Article published in:Lexical semantic approaches to terminology
Edited by Pamela Faber and Marie-Claude L'Homme
[Terminology 20:2] 2014
► pp. 171–197
Semantic characterization of terms as a trace of terminological dependency
Over the past decades, English has become the predominant language for the transfer of specialized knowledge, which conditions the creation of new lexical units in other codes. This conditioning can result in terminological dependency, a linguistic phenomenon arising from a unidirectional transfer of specialized denominations between two languages. Terminological neology in potentially dependent codes such as Spanish reflects the way the importation of units from English involves a set of linguistic asymmetries that affects the conceptual configuration of specialized domains by the importing community of scientists. In this article, we propose a three-step analysis in order to detect and measure the terminological dependency of Spanish on English in the domain of Alzheimer’s Disease, based on the semantic characterization of a set of specialized neologisms related to this domain. After analysing the semantic features of these units in English, we found a significant, though not exact, correlation between the uniformity of certain semantic aspects and the degree of terminological dependency observed in their equivalents in Spanish.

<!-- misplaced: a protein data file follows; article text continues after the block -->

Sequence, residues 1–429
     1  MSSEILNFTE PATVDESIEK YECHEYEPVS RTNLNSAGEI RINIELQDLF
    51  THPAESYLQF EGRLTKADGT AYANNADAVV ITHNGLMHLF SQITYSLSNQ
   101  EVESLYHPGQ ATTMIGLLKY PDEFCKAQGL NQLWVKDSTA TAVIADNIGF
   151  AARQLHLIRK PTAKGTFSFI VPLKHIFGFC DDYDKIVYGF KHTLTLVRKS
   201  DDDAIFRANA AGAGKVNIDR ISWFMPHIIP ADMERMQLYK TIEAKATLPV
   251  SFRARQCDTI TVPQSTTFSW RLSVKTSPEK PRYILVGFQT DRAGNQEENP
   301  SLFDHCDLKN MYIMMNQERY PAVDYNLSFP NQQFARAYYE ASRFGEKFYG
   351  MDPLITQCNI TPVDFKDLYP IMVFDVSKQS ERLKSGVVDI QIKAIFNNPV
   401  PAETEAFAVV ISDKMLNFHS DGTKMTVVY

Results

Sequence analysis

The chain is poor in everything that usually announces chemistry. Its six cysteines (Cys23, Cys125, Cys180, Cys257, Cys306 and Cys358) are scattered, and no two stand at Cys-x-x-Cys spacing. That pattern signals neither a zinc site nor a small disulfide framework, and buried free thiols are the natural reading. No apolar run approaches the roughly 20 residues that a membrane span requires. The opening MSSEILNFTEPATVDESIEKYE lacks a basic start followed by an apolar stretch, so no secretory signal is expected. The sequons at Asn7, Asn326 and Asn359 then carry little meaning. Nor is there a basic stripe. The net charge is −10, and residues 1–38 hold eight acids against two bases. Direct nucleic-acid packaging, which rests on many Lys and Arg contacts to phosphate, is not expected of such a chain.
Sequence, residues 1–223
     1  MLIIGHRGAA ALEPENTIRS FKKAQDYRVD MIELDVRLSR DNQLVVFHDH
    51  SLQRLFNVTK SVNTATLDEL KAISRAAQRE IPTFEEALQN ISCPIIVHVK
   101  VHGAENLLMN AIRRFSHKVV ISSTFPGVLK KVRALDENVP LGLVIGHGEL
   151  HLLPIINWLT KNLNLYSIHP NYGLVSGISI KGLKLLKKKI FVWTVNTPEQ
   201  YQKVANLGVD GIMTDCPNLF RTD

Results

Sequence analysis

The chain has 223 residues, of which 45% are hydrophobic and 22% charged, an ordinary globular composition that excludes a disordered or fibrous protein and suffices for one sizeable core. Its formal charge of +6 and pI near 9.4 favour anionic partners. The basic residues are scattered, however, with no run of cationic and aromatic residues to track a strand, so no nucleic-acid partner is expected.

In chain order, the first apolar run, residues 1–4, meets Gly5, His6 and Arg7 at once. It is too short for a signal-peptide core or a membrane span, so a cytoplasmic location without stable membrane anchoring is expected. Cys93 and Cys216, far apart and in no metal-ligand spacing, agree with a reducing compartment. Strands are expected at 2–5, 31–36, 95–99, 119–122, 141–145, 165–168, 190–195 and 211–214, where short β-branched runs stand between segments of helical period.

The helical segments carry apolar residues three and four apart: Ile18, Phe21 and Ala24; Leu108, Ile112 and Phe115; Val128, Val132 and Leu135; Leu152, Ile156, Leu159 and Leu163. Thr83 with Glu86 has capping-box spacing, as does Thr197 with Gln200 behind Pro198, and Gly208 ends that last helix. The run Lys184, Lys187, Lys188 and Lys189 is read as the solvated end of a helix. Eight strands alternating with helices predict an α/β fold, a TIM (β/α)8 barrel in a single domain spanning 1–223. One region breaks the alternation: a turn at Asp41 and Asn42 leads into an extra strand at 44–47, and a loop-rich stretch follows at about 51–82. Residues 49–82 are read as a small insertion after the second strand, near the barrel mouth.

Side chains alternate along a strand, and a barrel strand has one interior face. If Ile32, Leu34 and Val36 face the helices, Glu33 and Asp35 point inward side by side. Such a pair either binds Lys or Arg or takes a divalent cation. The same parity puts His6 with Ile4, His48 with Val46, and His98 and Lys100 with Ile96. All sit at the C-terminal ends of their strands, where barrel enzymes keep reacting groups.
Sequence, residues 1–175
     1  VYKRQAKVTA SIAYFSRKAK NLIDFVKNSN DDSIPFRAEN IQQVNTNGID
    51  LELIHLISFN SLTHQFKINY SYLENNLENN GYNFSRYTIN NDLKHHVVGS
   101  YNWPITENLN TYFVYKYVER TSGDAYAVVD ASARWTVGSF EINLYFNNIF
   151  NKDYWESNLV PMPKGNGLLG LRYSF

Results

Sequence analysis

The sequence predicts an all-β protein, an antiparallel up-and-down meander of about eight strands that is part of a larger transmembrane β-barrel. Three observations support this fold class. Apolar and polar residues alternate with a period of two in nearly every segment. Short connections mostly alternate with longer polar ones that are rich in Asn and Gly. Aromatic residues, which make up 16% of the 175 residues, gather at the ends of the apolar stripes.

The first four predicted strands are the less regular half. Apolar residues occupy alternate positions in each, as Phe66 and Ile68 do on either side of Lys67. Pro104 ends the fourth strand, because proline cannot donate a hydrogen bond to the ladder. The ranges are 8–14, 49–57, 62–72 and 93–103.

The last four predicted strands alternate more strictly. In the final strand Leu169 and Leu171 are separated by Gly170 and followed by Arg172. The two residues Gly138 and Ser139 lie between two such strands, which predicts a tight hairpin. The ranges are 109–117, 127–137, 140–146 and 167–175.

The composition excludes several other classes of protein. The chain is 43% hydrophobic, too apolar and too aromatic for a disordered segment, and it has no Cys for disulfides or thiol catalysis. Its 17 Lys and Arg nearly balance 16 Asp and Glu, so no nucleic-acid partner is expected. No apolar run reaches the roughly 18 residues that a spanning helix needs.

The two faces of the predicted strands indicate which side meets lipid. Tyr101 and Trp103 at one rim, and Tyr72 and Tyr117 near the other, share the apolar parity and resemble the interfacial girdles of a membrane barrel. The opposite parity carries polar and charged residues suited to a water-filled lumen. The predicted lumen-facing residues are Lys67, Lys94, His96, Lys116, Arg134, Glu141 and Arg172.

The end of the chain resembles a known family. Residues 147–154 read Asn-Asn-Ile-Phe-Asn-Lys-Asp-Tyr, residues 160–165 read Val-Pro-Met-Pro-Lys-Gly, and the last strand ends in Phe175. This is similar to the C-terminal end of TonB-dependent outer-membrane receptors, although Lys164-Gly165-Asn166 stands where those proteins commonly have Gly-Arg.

Keywords: terminology, semantics, terminological dependency, neology
Published online: 31 October 2014
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